November 19, 2017


Campaigns involving Edward Goldsmith

See also Events section

  • Sat on the Primitive People’s Fund, the committee that established Survival International – the movement for tribal peoples, a charity whose mission is to help save and support the rights of the remaining tribal peoples of the earth (1969)
  • Founded a Private Commission on Transport, chaired by the Bishop of Kingston (subsequently the Bishop of Birmingham) (1971)
  • Edited a special issue of The Ecologist criticising the preliminary papers prepared for the First United Nations Conference on the Environment in Stockholm. Along with colleagues, he attended the meeting with Friends of the Earth, USA (1972)
  • Campaigned for Ecologie et Survie, which at the national level became the French Green Party: staying with the candidates, canvassing with them, and speaking at public meetings (1973-77)
  • Campaigned to prevent the dumping of nuclear waste in Cornwall. In conjunction with Mebyon Kernow, several hundred people went to London, congregated in Trafalgar Square and demonstrated against the plan. Speakers included the Bishop of Birmingham, Robin Cook MP, the actress Diana Rigg, and Edward Goldsmith (1974)
  • Stood for the Eye Constituency in Suffolk (part of which was once in the Stowmarket Division—his father’s constituency from 1910–1918) for the Parliamentary election representing “People”—a party that became the Ecology Party and later the Green Party. Michael Ash (a local practising witch) acted as Goldsmith’s election agent. He lost his deposit (February 1974)
  • Stood for Wadebridge at the Cornwall County Council Elections receiving 27% of the votes (1977)
  • Witness at the Windscale Inquiry on BNFL’s plan to build THORP to reprocess high level radioactive waste from second generation nuclear power plants (1977)
  • Stood for Cornwall and Plymouth for the Ecology Party (later Green Party) at the European Elections (1979), receiving 5,125 votes (3.0%)
  • Set up and funded the “Commission for the Study of the Economics of Nuclear Electricity” (CSENE) under the chairmanship of Sir Kelvin Spenser (who was once chief scientist at what was then the Ministry of Power). Meetings were held at Exeter University. Peter Bunyard, of Lawellen Farm, Withiel, Bodmin, Cornwall, was the convenor and main author of the report that it published (as a special issue of The Ecologist). It was presented to Parliament by Lord Strathcona (Conservative) and Tony Benn (Labour). It received little interest: though events since have shown that its calculations were correct (1982)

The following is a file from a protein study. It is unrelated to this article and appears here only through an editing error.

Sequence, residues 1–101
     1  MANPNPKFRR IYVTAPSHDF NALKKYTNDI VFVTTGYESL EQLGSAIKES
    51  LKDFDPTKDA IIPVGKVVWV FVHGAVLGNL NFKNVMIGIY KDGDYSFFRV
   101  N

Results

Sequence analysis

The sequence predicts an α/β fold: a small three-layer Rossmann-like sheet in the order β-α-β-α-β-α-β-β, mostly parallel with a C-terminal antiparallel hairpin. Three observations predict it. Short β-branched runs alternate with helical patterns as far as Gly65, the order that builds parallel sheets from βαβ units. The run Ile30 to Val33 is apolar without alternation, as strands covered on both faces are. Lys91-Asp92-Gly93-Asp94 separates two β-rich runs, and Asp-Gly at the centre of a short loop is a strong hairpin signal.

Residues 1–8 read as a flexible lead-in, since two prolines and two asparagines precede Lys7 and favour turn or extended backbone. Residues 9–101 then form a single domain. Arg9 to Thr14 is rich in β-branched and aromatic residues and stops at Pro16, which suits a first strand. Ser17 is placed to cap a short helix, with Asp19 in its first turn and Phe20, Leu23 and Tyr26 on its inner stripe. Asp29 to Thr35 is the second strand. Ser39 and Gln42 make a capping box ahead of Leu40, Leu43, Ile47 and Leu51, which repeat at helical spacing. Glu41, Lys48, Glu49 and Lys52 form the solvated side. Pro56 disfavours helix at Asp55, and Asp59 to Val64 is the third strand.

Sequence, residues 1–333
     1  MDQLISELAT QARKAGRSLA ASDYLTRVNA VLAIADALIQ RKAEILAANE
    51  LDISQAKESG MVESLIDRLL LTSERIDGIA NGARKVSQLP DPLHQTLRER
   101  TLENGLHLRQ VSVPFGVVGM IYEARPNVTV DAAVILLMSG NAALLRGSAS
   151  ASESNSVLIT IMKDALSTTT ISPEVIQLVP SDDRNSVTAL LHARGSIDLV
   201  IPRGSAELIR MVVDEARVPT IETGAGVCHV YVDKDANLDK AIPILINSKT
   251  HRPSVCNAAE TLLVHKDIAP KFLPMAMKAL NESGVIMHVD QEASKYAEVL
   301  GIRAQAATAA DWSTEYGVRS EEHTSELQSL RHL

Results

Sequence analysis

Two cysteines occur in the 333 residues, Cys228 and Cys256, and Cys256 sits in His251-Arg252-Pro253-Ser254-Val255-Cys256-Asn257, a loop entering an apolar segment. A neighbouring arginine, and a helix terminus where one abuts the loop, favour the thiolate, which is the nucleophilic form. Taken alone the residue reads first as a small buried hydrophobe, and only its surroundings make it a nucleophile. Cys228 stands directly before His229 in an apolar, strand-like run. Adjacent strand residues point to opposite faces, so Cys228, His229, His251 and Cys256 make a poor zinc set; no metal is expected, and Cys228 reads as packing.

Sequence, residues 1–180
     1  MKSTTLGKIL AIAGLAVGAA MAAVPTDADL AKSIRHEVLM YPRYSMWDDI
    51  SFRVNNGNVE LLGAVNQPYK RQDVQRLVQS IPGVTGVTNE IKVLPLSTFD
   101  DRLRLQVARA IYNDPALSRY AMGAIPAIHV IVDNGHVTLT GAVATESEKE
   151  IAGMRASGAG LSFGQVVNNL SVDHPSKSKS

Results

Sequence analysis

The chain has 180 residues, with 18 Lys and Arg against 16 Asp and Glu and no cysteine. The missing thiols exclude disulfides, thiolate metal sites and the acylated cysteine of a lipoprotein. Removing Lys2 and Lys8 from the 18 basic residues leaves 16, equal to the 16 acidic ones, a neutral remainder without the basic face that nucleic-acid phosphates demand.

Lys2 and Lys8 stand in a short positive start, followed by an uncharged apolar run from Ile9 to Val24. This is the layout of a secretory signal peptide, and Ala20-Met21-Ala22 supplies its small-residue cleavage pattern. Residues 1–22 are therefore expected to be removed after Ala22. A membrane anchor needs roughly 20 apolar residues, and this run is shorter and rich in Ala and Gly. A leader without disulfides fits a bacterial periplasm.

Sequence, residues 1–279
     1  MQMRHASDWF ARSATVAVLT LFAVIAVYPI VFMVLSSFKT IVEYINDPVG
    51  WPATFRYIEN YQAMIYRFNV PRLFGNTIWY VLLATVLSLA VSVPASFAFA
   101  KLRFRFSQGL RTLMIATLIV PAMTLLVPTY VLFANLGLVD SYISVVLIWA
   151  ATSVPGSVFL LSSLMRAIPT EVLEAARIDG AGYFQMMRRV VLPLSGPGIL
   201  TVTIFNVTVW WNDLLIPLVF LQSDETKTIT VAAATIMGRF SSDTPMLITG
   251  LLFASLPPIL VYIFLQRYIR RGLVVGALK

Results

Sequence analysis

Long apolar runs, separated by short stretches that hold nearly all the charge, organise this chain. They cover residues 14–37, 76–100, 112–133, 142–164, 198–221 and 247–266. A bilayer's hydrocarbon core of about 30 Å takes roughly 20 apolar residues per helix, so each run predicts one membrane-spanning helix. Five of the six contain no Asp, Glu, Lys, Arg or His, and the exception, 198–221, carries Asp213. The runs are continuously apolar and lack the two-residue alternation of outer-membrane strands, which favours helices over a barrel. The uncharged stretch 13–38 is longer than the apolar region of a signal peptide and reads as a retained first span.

• Organiser for a local movement to stop the building of a nuclear reactor at Luxulyan in Cornwall (“The Battle of Luxulyan”). They occupied the site for six months, the different villages in the area taking it in turn to provide people to garrison the site each night (1981. Ended October 31st)
  • With his colleagues at The Ecologist, started a campaign against the World Bank, which they accused of “financing the destruction of our planet” publishing two special issues of The Ecologist on the subject that were circulated to decision-makers in different countries (1984)
  • Witness at the Tribunal which tried the World Bank for crimes against humanity in Berlin—an event that coincided with that institution’s annual general meeting (1988)
  • Helped The Ecologist and Ecoropa to collect three million signatures asking for an emergency meeting of the United Nations’ Security Council on global deforestation. Together with twenty other people, mainly Third World activists, Goldsmith took the signatures in wheelbarrows to the UN in New York, where they occupied the main lobby until Mr Perez de Cuellar, the Secretary General, agreed to meet them and discuss this issue. They organised a meeting two days later between themselves and a group of senators headed by Al Gore in the US Senate, where they asked for the US to stop funding the World Bank (1989)
  • Organised with his colleagues at The Ecologist a campaign against the Food and Agricultural Organization of the UN (FAO) which they accused of much of the responsibility for malnutrition and famine in the Third World. Published a special issue of The Ecologist on the subject (which was published in book form in Italian). Together with Ecoropa members, he invaded an FAO conference on Agriculture and the Environment in the Netherlands, distributing literature, and holding a press conference in the building opposite. Helped to organize a similar action at the FAO Forestry meeting in Paris, later that year (1990)
  • Speaker at the press conference for Citoyens d’Europe contre Maastricht (“Citizen’s of Europe Against Maastricht”), Paris, 14th September 1992
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